Feeds

Appeal against ISP snooping goes to Washington

'FCC went too far', coalition says

Security for virtualized datacentres

A group of technology companies and civil liberties groups will continue to challenge a law requiring ISPs to allow eavesdropping of customers by security agencies.

The US Government is trying to force ISPs to re-configure their systems to allow agencies to snoop on email and internet traffic. The relevant laws demand that phone providers allow such eavesdropping on voice calls, but the government and the companies dispute whether or not it allows the same actions with regard to data.

On 9 June a federal appeals court in the US ruled by two votes to one that companies would have to change their systems. That decision will now be appealed to the Court of Appeals in Washington, DC.

The coalition of groups mounting the appeal includes the Electronic Frontier Foundation (EFF), the Electronic Privacy Information Centre, Pulver.com, Sun Microsystems, and the National Association of College and University Business Officials.

Those organisations argue that the current systems have never blocked law enforcement agencies finding out information that they have needed in the past. "As far as the record on appeal reveals, 100 per cent of attempted interceptions of internet communications to date have been successful," says their brief in the case.

The coalition of groups opposes amendments to the Communications Assistance for Law Enforcement Act (CALEA) being proposed by the US communications regulator the Federal Communications Commission (FCC). They argue that the FCC went too far when it framed the requirements for ISPs and argue that the FCC is demanding changes that are outside of its legal scope.

"CALEA requires telecommunications common carriers to build certain capabilities into their networks to facilitate wiretaps, but expressly excludes providers of information services," argues the coalition's brief.

The legal basis for internet wiretaps is currently in place, but the FCC is trying to standardise the methodology used, causing privacy concerns for those opposing it, as well as economic concerns about the cost of rewiring systems.

"It is crucial to remember that the issue here is not whether law enforcement can tap new technologies like VoIP, but whether they can tap it easily," said a statement from the EFF.

"Existing laws already permit law enforcement to place internet users under surveillance, regardless of what programs or protocols they are using to communicate. Industry already cooperates with law enforcement to give it all the information requested, and this will continue to happen with or without a new FCC rule interpreting CALEA."

The one dissenting judge who ruled in favour of the objections in June, Harry Edwards, called the FCC's evidence in that case "gobbledygook" and "nonsense".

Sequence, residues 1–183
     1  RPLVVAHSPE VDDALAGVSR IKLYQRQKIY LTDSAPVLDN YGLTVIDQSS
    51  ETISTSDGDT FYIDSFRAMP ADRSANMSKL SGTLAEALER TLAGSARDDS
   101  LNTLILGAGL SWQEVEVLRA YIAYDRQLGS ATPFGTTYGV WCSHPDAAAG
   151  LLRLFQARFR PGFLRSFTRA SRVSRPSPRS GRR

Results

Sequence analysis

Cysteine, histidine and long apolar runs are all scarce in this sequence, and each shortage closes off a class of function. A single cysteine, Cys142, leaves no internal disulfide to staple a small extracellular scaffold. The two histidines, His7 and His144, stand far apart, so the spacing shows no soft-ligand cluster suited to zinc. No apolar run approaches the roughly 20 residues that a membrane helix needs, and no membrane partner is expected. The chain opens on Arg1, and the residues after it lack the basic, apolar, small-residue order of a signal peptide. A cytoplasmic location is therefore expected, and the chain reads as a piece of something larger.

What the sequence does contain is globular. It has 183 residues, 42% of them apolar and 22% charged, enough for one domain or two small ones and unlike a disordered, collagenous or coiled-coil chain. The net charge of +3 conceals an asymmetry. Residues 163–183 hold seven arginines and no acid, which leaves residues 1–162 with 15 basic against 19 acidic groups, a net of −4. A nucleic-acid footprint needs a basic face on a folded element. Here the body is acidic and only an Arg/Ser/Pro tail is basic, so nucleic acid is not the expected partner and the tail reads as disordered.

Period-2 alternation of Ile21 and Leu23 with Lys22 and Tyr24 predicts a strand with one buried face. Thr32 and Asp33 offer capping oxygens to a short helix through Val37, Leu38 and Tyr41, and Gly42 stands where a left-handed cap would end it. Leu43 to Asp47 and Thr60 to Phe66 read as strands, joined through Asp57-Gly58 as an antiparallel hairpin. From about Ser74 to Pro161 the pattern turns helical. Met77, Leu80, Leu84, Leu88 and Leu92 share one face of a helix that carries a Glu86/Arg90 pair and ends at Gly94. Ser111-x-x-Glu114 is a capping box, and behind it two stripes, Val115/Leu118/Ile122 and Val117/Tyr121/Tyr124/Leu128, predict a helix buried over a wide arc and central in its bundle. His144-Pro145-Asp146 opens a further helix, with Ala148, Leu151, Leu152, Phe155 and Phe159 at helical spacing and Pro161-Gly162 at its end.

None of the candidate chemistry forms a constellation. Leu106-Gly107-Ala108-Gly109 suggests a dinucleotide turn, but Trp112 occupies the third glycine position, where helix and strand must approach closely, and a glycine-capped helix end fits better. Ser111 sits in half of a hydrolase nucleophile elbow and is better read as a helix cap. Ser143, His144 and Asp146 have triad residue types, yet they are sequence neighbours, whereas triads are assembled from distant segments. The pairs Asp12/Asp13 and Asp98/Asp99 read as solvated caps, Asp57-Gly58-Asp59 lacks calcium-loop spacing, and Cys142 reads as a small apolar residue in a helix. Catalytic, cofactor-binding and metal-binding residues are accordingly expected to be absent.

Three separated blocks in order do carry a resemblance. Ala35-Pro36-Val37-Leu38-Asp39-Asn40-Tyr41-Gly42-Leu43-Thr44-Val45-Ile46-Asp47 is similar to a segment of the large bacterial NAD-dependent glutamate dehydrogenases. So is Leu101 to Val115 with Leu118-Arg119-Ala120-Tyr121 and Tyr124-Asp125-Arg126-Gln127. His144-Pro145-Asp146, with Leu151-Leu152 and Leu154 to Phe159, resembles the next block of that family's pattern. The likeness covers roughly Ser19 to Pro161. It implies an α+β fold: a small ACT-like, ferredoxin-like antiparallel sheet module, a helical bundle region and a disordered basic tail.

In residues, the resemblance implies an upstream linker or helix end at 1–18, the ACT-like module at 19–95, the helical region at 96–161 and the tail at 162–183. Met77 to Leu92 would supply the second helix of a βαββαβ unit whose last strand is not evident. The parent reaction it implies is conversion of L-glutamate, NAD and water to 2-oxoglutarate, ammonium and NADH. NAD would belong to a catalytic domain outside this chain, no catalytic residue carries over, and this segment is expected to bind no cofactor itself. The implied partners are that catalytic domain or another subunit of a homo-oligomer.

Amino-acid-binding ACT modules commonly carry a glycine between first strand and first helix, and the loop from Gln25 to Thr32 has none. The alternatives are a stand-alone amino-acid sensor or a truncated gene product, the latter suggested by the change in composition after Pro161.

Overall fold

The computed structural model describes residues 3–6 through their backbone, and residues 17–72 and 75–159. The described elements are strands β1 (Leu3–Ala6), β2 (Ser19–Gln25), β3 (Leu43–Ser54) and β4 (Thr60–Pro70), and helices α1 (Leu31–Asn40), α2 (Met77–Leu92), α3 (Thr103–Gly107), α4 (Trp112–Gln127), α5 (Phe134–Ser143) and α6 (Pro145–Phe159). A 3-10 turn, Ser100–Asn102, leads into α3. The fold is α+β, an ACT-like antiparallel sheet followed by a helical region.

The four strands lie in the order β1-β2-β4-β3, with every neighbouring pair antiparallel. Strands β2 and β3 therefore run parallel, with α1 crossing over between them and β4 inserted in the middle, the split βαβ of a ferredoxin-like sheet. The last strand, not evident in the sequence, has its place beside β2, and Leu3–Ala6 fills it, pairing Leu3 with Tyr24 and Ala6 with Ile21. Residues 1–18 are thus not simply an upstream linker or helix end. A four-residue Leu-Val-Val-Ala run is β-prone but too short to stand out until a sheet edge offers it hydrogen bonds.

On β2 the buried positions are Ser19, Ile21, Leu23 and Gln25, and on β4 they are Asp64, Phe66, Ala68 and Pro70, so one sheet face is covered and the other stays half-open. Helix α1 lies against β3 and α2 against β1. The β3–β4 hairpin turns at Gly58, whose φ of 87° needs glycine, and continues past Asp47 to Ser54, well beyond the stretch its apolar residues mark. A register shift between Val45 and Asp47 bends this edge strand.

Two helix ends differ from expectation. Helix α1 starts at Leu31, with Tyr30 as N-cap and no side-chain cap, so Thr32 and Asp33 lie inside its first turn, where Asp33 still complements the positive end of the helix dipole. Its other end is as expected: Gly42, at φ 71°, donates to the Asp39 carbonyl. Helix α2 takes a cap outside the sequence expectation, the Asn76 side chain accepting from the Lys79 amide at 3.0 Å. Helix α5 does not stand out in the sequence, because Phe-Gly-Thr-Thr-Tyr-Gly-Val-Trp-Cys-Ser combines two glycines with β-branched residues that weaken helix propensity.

Copyright © 2006, OUT-LAW.com

OUT-LAW.COM is part of international law firm Pinsent Masons.

New hybrid storage solutions

More from The Register

next story
Phones 4u slips into administration after EE cuts ties with Brit mobe retailer
More than 5,500 jobs could be axed if rescue mission fails
Apple CEO Tim Cook: TV is TERRIBLE and stuck in the 1970s
The iKing thinks telly is far too fiddly and ugly – basically, iTunes
Apple Pay is a tidy payday for Apple with 0.15% cut, sources say
Cupertino slurps 15 cents from every $100 purchase
Huawei ditches new Windows Phone mobe plans, blames poor sales
Giganto mobe firm slams door shut on Microsoft. OH DEAR
Phones 4u website DIES as wounded mobe retailer struggles to stay above water
Founder blames 'ruthless network partners' for implosion
Forget silly privacy worries - help biometrics firms make MILLIONS
Beancounter reckons dabs-scanning tech is the next big moneypit
Microsoft's Office Delve wants work to be more like being on Facebook
Office Graph, social features for Office 365 going public
prev story

Whitepapers

Providing a secure and efficient Helpdesk
A single remote control platform for user support is be key to providing an efficient helpdesk. Retain full control over the way in which screen and keystroke data is transmitted.
Top 5 reasons to deploy VMware with Tegile
Data demand and the rise of virtualization is challenging IT teams to deliver storage performance, scalability and capacity that can keep up, while maximizing efficiency.
Reg Reader Research: SaaS based Email and Office Productivity Tools
Read this Reg reader report which provides advice and guidance for SMBs towards the use of SaaS based email and Office productivity tools.
Security for virtualized datacentres
Legacy security solutions are inefficient due to the architectural differences between physical and virtual environments.
Secure remote control for conventional and virtual desktops
Balancing user privacy and privileged access, in accordance with compliance frameworks and legislation. Evaluating any potential remote control choice.